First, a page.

Republicans shouldn't see them everywhere.

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Republicans Set Their Own Obama Trap

Jonathan Bernstein is a Bloomberg View columnist. He taught political science at the University of Texas at San Antonio and DePauw University and wrote A Plain Blog About Politics.
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I did a radio spot today reprising a recent post on how President Barack Obama will affect 2016,  though I butchered part of it. Here's what I should have said:

Candidates for the Republican presidential nomination face something of a trap,  and they’re going to have to find a way out of it.

The potential problem is created by how much Republicans hate Obama. It gives irresponsible demagogues or even just normally ambitious politicians (that should cover everyone running for president, right?) an opportunity they won’t be able to pass up: to attack their rivals  for sharing policy positions with the president.

I’m not talking about real violations of conservative orthodoxy, such as Senator Marco Rubio’s support for immigration reform or Governor John Kasich’s acceptance of expanded Medicaid. Those are legitimate policy differences among Republicans. Instead, I'm referring to issues such as net neutrality, which, until Obama got involved, wasn’t a partisan issue and didn't matter to most people. Any Republican senator can be said to have voted “with” Obama on any number of minimally controversial measures that can be painted as evidence of RINOism; any governor probably at some point worked harmoniously with the Obama administration, or the Departments of Education, Interior or Transportation … the list goes on.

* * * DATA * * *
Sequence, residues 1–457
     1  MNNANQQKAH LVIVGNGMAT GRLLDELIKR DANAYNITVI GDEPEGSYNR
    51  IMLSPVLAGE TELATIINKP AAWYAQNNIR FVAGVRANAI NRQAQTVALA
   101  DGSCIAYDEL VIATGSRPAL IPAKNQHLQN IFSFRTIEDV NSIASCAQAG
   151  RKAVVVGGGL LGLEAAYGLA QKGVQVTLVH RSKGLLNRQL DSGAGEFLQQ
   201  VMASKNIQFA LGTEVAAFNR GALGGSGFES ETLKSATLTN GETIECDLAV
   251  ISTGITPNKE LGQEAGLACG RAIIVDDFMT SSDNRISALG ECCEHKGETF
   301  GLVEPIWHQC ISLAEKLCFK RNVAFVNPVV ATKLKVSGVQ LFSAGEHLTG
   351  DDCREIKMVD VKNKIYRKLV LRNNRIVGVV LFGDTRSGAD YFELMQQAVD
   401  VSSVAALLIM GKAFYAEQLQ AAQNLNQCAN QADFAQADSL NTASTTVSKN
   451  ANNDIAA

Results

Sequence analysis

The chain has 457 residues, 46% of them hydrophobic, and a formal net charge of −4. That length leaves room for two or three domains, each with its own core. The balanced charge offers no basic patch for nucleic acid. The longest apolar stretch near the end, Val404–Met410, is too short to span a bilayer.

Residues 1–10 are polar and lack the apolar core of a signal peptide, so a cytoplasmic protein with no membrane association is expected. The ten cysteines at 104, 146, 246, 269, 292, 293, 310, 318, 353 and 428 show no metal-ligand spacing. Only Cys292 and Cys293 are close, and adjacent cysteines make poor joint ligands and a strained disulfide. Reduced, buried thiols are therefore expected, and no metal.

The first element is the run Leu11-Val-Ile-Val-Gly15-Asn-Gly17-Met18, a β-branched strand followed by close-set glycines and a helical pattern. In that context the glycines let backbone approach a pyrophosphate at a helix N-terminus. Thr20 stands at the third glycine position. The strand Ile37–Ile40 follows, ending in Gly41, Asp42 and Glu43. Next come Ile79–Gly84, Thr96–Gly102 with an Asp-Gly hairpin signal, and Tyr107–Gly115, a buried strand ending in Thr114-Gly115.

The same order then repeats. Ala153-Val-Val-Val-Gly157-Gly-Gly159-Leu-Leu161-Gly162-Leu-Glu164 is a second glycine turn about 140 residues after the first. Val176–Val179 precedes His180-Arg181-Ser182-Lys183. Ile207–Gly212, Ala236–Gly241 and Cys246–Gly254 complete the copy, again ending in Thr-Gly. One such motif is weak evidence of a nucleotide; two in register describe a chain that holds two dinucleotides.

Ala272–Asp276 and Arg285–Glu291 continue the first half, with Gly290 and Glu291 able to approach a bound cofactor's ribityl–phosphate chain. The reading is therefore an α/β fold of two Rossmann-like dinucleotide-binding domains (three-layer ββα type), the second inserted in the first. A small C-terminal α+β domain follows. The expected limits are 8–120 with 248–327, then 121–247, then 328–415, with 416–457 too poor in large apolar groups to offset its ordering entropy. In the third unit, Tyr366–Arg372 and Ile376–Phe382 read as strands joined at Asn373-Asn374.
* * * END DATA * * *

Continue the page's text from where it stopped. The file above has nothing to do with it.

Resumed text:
Even on immigration, Republicans will be tempted to fall into the trap of turning a position they used to be divided about into absolute party dogma, just because Obama came down one way or the other.

Republicans shouldn't rob themselves of a solid conservative candidate just because he once advocated a policy that Obama later adopted. That’s the path that leads to Tail Gunner Ted and electoral disaster. Even more important, they shouldn’t want to let conservativism be defined by whatever Obama opposes, rather than positive policies conservatives support. This is going to be a challenge for 2016 candidates; they should be working on it now, because they’re all going to be vulnerable.

This column does not necessarily reflect the opinion of Bloomberg View's editorial board or Bloomberg LP, its owners and investors.

To contact the author on this story:
Jonathan Bernstein at jbernstein62@bloomberg.net

To contact the editor on this story:
Max Berley at mberley@bloomberg.net